If you are serious about developing your blog for your business then the likelihood is that you will be keeping a keen eye on tracking visitors to your site, seeing which posts are attracting most interest and which keywords are being used to find you.

There are a number of tools of the market which can help you in this, many of which are free. Most of these are generic tracking packages are aimed at websites in general, but there are also some excellent ones which are specifically aimed at blogs which should also be considered because of the additional elements they bring.

Blog Tracking Tools

There are four services that I have looked at specifically, though there are of course many more which exist in the market. The first two, MyBlogLog and Feedburner, were created with blogs specifically in mind while Statcounter and Google Analytics are general analytics packages, designed for a wider audience.

MyBlogLog: (recently acquired by Yahoo) is much more than just a tracking package. You are given a dashboard overview of where readers came from, what they’ve viewed and what they clicked on, as well additional more comprehensive details in the detailed area, but I believe that the real value comes from the community element it also offers.

With MyBlogLog, you get the chance to make contact with the people who read your blog, make contact and link up with others as well as join communities on individual blogs or sites (join the Better Business Blogging community here). You can see which members last visited your blog in your profile area on MyBlogLog and, through an easily installed widget, also display it on your blog encouraging others to join.

Overall, a nice set up combining relationship options and tracking combined, though I notice that the statistics reported are generally lower than through other packages.

Feedburner: Feedburner is perhaps best known for its RSS tracking and manipulation but during 2006 they also bought blog tracking company BlogBeat. This has now been integrated as a blog analytics element into their free StandardStats package which sits alongside their more familiar RSS feed services.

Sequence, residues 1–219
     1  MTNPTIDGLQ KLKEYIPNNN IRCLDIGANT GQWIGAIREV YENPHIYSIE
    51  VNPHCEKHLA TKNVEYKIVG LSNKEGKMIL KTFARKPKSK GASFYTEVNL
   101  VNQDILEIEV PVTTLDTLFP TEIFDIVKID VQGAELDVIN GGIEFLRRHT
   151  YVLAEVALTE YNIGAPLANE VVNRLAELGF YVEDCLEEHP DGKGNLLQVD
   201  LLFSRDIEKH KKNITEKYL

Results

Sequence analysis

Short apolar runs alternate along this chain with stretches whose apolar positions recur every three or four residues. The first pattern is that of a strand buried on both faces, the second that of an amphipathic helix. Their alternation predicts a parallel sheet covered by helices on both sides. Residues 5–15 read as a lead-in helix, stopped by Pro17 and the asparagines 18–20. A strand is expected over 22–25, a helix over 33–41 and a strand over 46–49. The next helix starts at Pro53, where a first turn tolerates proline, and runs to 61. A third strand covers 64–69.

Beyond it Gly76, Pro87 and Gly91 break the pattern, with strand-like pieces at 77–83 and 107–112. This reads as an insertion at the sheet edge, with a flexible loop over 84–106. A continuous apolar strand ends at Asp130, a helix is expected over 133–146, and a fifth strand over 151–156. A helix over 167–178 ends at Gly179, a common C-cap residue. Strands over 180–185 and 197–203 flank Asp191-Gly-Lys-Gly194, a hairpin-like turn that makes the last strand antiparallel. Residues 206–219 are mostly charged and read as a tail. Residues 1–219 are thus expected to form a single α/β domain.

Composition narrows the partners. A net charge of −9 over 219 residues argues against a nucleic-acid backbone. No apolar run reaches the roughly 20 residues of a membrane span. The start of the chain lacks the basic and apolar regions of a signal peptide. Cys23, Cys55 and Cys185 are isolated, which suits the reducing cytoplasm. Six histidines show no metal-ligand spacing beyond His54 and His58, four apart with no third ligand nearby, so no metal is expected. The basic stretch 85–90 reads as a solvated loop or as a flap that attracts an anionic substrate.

Following the familiar Feedburner look and feel, you get page and visitor tracking, entry and exit pages together with browser information and location delivered in a “tag cloud” format. There are also a couple of nice touches linked to the RSS feeds, insofaras you can identify sites where your content has been resyndicated including other blogs and directories and you can track downloads of podcasts etc.

Lots more integration to come by all accounts so definitely one to keep an eye on in terms of new developments.

Statcounter: Real time stats and a whole host of information about who’s doing what and where on your site. A comprehensive and very popular stats package which gives a whole host of information across every aspect that you might need, perhaps with the exception of detailed information on exit links clicked on. Other than that you have everything that you might need from Search Engine referencers, keywords used, visitor tracking, popular pages etc.

The free service offers all the functionality but retains only 100 page views to drill down into for detailed information – however, upgrading is relatively inexpensive if required. The interface is functional without being anything to write home about but the fact that it is real time statistics from the word “go” is a real plus if you need to know what is happening on your blog immediately.

Google Analytics: After a few initial teething troubles of its own making (I guess that’s what happens when you give away something like this for free), Google Analytics has settled down to be probably the most comprehensive free tracking package out in the market.

In some ways in fact, it’s possibly overkill for what most blogs require but it is certainly very complete in what it tracks, and it presents the information in graphic format as well as raw data. The click paths are particularly nice but there is going to be a lot of the functionality which will probably not be used.

Which to go for

All contain more than enough basic information in their tracking to satisfy most users, so it is really their individual specialist additions that make the difference where they play to their own strengths.

There is of course nothing stopping you using more than one package and this is the road I would probably recommend. If you use a comprehensive overall analytics package such as Statcounter or Google Analytics, then these will certainly cover all your indepth tracking requirements. But the community elements at MyBlogLog are an excellent addition and Feedburner’s RSS expertise offers tracking through your feeds that the others can’t provide, so incorporate these as well and get the best of all worlds!

One word of warning – it can get addictive! So try not to keep popping back to your stats every 5 minutes to see who’s visited, the information will still be there later.

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